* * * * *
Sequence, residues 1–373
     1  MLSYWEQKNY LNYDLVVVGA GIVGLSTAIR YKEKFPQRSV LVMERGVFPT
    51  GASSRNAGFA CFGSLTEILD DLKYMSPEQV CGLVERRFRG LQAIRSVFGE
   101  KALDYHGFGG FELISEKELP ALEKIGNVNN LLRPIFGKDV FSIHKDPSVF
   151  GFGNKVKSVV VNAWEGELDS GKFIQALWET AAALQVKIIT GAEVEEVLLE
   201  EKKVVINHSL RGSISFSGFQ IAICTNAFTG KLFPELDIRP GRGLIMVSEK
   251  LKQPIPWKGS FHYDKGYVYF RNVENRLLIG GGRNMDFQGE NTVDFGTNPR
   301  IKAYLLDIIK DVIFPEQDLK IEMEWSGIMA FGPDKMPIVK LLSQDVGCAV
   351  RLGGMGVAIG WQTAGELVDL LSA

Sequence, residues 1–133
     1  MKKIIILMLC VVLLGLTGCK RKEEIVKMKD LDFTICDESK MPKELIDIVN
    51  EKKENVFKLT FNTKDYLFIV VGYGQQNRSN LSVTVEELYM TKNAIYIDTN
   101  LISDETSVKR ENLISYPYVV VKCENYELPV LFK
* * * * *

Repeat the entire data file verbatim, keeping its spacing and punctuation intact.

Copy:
Sequence, residues 1–373
     1  MLSYWEQKNY LNYDLVVVGA GIVGLSTAIR YKEKFPQRSV LVMERGVFPT
    51  GASSRNAGFA CFGSLTEILD DLKYMSPEQV CGLVERRFRG LQAIRSVFGE
   101  KALDYHGFGG FELISEKELP ALEKIGNVNN LLRPIFGKDV FSIHKDPSVF
   151  GFGNKVKSVV VNAWEGELDS GKFIQALWET AAALQVKIIT GAEVEEVLLE
   201  EKKVVINHSL RGSISFSGFQ IAICTNAFTG KLFPELDIRP GRGLIMVSEK
   251  LKQPIPWKGS FHYDKGYVYF RNVENRLLIG GGRNMDFQGE NTVDFGTNPR
   301  IKAYLLDIIK DVIFPEQDLK IEMEWSGIMA FGPDKMPIVK LLSQDVGCAV
   351  RLGGMGVAIG WQTAGELVDL LSA

Sequence, residues 1–133
     1  MKKIIILMLC VVLLGLTGCK RKEEIVKMKD LDFTICDESK MPKELIDIVN
    51  EKKENVFKLT FNTKDYLFIV VGYGQQNRSN LSVTVEELYM TKNAIYIDTN
   101  LISDETSVKR ENLISYPYVV VKCENYELPV LFK